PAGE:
Zika virus infection preferentially counterbalances human peripheral monocyte and/or NK cell activity

Fok Moon Lum, David Lee, Tze Kwang Chua, Jeslin J.L. Tan, Cheryl Y.P. Lee, Xuan Liu, Yongxiang Fang, Bernett Lee, Wearn Xin Yee, Natasha Y. Rickett, Po Ying Chia, Vanessa Lim, Yee Sin Leo, David A. Matthews, Julian A. Hiscox, Lisa F.P. Nga*

*Corresponding author for this work

Research output: Contribution to journalArticle (Academic Journal)peer-review

23 Citations (Scopus)
391 Downloads (Pure)


Zika virus (ZIKV) has reemerged in the population and caused unprecedented global outbreaks. Here, the transcriptomic consequences of ZIKV infection were studied systematically first in human peripheral blood CD14+ monocytes and monocyte-derived macrophages with high-density RNA sequencing. Analyses of the ZIKV genome revealed that the virus underwent genetic diversification, and differential mRNA abundance was found in host cells during infection. Notably, there was a significant change in the cellular response, with cross talk between monocytes and natural killer (NK) cells as one of the highly identified pathways. Immunophenotyping of peripheral blood from ZIKV-infected patients further confirmed the activation of NK cells during acute infection. ZIKV infection in peripheral blood cells isolated from healthy donors led to the induction of gamma interferon (IFN-γ) and CD107a- two key markers of NK cell function. Depletion of CD14+ monocytes from peripheral blood resulted in a reduction of these markers and reduced priming of NK cells during infection. This was complemented by the immunoproteomic changes observed. Mechanistically, ZIKV infection preferentially counterbalances monocyte and/or NK cell activity, with implications for targeted cytokine immunotherapies.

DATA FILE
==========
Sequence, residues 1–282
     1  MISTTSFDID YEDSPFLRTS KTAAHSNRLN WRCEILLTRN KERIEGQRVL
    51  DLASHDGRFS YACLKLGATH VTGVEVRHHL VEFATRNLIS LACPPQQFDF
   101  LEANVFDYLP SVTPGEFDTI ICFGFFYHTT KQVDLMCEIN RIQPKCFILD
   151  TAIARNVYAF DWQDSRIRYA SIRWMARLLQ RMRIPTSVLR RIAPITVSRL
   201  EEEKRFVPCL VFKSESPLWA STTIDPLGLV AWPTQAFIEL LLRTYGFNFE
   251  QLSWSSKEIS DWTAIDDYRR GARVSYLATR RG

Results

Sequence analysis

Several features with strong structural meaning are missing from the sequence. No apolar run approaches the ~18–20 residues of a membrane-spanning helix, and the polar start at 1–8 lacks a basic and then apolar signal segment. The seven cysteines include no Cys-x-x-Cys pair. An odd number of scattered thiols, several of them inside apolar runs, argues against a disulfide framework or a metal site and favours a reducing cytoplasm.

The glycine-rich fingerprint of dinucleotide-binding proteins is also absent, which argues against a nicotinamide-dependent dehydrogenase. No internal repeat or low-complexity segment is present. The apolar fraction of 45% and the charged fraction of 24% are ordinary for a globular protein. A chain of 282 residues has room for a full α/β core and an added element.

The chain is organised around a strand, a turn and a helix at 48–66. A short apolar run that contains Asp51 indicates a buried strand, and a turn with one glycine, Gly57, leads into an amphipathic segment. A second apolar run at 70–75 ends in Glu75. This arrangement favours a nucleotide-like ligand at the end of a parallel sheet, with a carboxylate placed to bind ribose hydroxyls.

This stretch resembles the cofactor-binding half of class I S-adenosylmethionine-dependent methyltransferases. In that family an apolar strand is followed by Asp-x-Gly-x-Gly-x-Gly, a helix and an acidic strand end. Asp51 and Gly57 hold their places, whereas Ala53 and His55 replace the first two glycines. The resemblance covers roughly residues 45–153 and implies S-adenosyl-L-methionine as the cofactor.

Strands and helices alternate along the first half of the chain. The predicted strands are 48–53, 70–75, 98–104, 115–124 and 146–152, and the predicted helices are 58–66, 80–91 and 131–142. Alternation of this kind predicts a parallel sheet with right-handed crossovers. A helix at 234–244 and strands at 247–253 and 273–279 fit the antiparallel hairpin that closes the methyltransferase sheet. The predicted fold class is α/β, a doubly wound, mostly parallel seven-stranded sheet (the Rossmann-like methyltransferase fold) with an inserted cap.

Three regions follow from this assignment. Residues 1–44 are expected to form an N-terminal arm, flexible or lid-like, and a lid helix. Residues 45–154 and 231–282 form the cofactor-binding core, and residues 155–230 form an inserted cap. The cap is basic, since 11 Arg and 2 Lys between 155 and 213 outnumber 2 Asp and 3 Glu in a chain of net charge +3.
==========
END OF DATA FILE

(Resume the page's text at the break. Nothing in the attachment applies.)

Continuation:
Original languageEnglish
Article numbere00120-18
Issue number2
Publication statusPublished - 28 Mar 2018


  • Immune response
  • Monocytes
  • NK cells
  • RNA-seq
  • Transcriptomes
  • Zika virus


Dive into the research topics of 'Zika virus infection preferentially counterbalances human peripheral monocyte and/or NK cell activity'. Together they form a unique fingerprint.

Cite this